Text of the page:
The legal fights over early voting in particular made it difficult for local election officials to plan properly for heavy turnout. The number of early voting hours stayed constant at 96, but the number of days on which early voting could be held was reduced to eight.

Longer voting days meant paying overtime to poll workers, so some counties opened up fewer locations, which resulted in long lines.

"Souls to the polls" turnout efforts, which involve African-American churches busing parishioners to cast ballots on the Sunday before Election Day, had to be curtailed as early voting was no longer available on that day.

In response to such changes, Democrats encouraged supporters to take advantage of in-person absentee voting. Voters could show up at election offices as late as Monday to ask for an absentee ballot, which they would fill out on the spot.

"The Obama team shifted to get people to do in-person absentee ballots, which take a lot longer to process than early voting," says Daniel Smith, a political scientist at the University of Florida. "You have to open and verify and process the ballot, rather than immediately scanning it."

Absentee ballots have to be certified individually before going into the machines to be tallied, notes NPR's Greg Allen. Miami-Dade County, for instance, had to cope with a late influx of 54,000 absentee ballots, and the county just finished counting votes on Thursday.

Smith accuses Republicans, who dominate the state's Legislature and hold the governorship, of deliberately making voting more difficult and making it impossible for local officials to conduct elections in a timely and efficient manner.

"When our voting laws are being used for partisan manipulation, that is unacceptable and un-American," says Deirdre Macnab, president of the League of Women Voters of Florida.

Republicans deny that they attempted in any way to suppress the vote. Gov. Rick Scott noted that more than 4 million people took advantage of early voting this year.

"We had a huge early turnout," Will Weatherford, the incoming Republican House speaker, told the Tampa Bay Times. "We have made voting as easy as it's ever been in the state of Florida."

There were other factors that contributed to the long lines and consequent slow count. For one thing, Florida had an exceptionally long ballot, with 11 complicated constitutional amendments. One question was 700 words long. And in some voter precincts, the ballots had to be presented in multiple languages.

Flipping through 10 or 12 pages made navigating the ballot more time consuming for voters. But first they had to find the correct place to vote; that was difficult for some.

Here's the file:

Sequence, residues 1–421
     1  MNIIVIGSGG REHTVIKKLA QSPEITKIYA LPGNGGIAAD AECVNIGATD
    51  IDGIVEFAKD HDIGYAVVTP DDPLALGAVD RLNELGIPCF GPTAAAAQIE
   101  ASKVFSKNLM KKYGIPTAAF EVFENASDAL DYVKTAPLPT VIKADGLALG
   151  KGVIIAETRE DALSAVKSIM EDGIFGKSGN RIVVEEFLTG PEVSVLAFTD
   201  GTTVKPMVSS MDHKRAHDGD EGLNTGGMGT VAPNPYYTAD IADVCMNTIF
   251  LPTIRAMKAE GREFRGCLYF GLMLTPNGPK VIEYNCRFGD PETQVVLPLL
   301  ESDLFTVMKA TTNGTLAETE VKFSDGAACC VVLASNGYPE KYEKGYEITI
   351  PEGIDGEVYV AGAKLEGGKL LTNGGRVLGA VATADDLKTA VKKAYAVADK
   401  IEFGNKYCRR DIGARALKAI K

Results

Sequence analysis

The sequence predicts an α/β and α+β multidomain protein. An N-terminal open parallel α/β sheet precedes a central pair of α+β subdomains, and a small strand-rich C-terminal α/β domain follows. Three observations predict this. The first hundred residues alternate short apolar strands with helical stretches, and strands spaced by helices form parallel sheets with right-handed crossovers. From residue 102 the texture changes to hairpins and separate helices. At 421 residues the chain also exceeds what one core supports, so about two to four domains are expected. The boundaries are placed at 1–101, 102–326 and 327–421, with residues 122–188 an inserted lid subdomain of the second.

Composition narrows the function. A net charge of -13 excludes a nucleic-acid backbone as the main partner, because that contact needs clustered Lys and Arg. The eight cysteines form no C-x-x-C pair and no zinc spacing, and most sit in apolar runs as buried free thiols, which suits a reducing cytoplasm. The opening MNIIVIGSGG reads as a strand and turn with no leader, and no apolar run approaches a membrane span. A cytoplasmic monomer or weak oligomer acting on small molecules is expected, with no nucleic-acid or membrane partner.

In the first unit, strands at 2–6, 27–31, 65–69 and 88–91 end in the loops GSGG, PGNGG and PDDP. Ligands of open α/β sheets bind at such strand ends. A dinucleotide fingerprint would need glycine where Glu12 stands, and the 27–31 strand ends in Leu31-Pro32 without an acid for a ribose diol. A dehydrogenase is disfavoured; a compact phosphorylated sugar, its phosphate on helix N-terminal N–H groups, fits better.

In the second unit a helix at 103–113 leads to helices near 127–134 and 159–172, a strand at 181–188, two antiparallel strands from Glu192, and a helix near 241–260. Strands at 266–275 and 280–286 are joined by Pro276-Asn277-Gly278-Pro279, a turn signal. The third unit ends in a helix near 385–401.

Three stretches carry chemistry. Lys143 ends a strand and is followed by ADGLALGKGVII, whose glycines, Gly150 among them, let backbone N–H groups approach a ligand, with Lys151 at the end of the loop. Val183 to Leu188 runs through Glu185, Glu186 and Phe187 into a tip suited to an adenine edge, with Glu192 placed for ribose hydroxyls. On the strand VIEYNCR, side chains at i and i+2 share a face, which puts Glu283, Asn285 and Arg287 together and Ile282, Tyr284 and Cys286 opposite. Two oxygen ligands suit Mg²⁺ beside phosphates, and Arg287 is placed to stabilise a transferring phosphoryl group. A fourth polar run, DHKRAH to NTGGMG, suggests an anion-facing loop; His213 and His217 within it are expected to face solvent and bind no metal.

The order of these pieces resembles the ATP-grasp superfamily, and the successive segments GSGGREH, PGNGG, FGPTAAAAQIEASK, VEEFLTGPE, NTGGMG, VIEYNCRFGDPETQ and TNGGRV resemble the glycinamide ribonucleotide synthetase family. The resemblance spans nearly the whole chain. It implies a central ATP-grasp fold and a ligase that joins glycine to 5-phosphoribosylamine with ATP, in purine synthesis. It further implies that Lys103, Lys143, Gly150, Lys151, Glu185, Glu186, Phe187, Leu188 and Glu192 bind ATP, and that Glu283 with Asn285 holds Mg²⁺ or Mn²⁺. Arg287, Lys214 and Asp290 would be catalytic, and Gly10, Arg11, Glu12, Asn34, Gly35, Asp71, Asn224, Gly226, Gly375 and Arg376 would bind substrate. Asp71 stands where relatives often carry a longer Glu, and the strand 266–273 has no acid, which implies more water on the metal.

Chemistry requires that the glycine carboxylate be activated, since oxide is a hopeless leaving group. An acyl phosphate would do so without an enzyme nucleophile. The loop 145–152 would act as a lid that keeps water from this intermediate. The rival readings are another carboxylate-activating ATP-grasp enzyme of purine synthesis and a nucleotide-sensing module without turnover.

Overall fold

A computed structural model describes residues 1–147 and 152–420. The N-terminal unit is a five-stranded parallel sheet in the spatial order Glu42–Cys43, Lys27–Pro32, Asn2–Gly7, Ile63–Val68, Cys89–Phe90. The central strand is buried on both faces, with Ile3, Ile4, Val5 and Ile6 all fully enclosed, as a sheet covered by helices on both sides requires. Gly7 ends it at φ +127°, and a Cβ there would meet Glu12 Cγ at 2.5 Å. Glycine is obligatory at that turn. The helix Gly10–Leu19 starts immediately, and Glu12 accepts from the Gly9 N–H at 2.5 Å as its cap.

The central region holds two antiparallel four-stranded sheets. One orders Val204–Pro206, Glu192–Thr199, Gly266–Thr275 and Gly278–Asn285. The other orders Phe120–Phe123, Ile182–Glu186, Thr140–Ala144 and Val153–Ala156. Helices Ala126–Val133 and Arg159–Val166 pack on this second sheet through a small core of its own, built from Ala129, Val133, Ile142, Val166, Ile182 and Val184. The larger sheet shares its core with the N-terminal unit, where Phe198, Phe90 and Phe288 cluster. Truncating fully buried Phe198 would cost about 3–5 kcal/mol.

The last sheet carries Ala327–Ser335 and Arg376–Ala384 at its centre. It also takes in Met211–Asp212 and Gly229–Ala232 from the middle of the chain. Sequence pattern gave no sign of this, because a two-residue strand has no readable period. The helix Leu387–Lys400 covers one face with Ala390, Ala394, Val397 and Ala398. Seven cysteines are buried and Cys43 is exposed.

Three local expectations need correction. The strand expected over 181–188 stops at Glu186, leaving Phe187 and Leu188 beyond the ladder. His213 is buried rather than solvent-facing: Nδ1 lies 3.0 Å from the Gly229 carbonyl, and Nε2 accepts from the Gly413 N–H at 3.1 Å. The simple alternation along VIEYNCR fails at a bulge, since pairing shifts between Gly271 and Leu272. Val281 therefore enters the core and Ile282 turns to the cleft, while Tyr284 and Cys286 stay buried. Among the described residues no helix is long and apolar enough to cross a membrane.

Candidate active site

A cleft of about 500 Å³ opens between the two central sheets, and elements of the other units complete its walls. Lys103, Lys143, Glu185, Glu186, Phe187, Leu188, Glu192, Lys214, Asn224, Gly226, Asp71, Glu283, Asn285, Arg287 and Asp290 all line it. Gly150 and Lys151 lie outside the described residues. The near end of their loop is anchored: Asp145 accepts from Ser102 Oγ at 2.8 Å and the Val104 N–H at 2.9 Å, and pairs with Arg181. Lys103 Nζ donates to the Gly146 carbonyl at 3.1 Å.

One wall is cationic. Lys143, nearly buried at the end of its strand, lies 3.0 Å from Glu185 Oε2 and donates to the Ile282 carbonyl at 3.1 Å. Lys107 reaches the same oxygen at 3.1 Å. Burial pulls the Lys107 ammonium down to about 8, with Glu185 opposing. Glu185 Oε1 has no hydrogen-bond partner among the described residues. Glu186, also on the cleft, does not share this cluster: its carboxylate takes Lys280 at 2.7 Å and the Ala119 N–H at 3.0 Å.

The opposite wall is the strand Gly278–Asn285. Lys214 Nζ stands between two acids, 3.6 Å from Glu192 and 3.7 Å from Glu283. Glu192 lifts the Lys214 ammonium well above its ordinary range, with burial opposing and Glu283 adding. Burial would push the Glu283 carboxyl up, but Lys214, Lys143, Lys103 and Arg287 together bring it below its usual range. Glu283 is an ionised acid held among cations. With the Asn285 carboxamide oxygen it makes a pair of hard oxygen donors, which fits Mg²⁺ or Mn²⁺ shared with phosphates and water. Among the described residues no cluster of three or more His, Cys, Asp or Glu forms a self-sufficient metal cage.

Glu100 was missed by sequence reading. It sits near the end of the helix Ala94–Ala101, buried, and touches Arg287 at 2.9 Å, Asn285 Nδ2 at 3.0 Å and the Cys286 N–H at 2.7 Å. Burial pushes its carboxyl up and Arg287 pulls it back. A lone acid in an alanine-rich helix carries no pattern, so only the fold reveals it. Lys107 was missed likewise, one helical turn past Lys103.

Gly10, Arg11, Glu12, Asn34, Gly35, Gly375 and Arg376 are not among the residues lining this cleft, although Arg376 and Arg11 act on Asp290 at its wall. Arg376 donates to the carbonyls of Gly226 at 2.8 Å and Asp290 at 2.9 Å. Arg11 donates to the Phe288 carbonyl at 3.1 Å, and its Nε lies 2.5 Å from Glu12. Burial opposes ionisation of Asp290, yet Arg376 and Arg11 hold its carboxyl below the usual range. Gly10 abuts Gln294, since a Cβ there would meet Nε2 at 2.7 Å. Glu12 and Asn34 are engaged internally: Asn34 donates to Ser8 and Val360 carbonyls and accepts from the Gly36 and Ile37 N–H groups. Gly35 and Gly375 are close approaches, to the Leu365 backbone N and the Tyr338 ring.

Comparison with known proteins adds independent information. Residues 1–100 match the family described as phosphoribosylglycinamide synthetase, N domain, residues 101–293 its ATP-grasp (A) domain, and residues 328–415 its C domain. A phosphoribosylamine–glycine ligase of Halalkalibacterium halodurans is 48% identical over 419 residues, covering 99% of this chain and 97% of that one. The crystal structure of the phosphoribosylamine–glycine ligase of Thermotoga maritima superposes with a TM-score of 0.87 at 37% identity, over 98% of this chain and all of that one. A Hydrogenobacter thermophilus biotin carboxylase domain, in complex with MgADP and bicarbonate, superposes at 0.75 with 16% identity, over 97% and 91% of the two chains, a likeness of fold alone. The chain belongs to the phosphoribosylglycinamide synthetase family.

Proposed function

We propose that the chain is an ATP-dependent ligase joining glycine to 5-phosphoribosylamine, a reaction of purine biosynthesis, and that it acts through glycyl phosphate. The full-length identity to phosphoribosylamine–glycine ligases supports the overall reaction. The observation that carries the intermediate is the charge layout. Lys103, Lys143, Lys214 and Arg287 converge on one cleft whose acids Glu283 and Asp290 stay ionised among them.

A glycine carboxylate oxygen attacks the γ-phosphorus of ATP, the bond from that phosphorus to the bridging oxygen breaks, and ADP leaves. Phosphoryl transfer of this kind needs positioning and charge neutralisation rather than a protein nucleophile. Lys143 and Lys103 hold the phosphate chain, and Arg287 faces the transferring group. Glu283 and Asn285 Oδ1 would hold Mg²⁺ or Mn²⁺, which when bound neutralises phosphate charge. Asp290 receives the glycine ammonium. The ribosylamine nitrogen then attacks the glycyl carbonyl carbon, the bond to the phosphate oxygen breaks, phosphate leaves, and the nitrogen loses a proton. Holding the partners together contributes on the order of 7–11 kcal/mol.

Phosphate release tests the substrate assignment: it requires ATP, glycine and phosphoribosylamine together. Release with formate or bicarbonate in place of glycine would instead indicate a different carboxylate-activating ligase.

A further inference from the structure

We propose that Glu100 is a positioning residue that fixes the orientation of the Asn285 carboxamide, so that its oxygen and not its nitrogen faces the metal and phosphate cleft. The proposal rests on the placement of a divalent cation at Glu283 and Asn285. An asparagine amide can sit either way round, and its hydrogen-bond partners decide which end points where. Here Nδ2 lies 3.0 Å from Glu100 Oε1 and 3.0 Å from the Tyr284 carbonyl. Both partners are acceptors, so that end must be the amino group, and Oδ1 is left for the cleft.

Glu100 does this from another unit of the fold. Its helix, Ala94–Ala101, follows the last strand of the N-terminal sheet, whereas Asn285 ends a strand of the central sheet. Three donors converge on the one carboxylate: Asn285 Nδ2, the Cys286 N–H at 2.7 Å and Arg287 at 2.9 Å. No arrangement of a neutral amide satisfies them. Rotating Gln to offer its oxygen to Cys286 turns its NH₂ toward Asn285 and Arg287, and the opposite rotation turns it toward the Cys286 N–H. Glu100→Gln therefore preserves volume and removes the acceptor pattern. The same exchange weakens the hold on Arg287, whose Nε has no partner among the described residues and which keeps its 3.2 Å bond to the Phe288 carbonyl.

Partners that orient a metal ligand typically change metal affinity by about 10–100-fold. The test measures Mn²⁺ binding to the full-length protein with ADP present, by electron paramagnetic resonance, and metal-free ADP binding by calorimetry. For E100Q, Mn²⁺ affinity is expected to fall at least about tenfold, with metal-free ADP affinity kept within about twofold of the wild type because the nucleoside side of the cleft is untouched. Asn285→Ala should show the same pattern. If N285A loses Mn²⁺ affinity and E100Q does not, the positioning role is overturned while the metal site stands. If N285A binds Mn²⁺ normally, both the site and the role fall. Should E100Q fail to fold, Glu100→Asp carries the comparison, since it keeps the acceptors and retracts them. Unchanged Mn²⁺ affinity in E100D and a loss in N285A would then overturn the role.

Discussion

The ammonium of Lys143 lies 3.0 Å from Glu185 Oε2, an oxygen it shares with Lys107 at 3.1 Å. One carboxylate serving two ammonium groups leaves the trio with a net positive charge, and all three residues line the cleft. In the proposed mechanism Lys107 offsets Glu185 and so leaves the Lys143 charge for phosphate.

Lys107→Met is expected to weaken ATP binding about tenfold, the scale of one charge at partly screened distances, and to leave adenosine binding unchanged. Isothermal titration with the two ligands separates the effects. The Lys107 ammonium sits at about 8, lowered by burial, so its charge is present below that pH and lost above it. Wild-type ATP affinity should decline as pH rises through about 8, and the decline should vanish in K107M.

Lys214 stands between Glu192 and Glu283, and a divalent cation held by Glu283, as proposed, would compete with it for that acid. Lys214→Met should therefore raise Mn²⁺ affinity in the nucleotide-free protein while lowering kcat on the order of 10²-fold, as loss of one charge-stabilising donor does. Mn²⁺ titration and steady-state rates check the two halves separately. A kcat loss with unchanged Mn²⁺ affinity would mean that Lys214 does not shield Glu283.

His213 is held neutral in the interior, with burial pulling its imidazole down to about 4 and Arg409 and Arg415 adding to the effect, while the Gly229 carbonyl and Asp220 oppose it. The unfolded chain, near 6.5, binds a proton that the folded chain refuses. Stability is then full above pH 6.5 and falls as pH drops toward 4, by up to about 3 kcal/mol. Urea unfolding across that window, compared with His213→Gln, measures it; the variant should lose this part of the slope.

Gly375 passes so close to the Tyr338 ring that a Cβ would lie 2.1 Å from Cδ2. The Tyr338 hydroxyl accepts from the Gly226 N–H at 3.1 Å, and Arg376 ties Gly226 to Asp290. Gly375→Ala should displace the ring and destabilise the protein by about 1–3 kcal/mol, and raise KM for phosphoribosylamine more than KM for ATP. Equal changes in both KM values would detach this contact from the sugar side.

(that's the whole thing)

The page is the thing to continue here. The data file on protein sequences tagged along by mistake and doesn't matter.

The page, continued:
Redistricting and changes in polling locations meant many voters showed up at the wrong place. Thanks to last year's election law changes, some had to cast provisional ballots if they had moved to a new county, which had not previously been the case.

Given the state's large and highly mobile population, it was difficult for election officials in some locations to plan properly to provide adequate polling places or voting machines.

"The housing bust hurt Florida badly," says David Kimball, an expert on elections at the University of Missouri, St. Louis. "There are places in Florida that were booming that have half the population they did four years ago. That makes it difficult for election officials to plan."

For all that, Kimball says, Florida's voting problems might not be notably worse than those in other states. That was the case, despite Florida's notoriety, 12 years ago. Election officials in other states back then noted happily that the focus on Florida diverted attention from their own problems.

"In many other states, if we took a close look at their system and put it under stress with a highly competitive presidential election, they would look as bad," Kimball says.

Following the 2000 recount, Florida, like other states, made numerous changes to its election law and procedures. Poor ballot layout and antiquated voting machines that brought the phrase "hanging chad" into the national lexicon are no longer factors.

But the influx of federal funds that helped resolve many voting issues around the country may not be repeated, despite President Obama's call during his victory speech to "fix" the latest set of problems.

State and local governments, which have made underfunding election mechanisms a tradition, have left them more strapped than usual, due to their ongoing budget problems.

Concerns about voting problems tend to go into hibernation for two to four years. "There are natural constituencies that defend teacher pensions and health care, but there's no natural constituency for democracy," says Kimball, of the University of Missouri, St. Louis.

Even if money is found, there's no off-the-shelf solution that would make voting and counting run smoother — and has universal support.

A decade ago, Florida and other states were able to enact election changes on a bipartisan basis.

That dynamic no longer holds — certainly not in Florida, where Republicans have pushed changes through firm control of Tallahassee, and Democrats have turned to the courts to challenge their every move.

"Each side is suspicious of the other," says MacManus, the University of South Florida professor. "The battles are all partisan-oriented."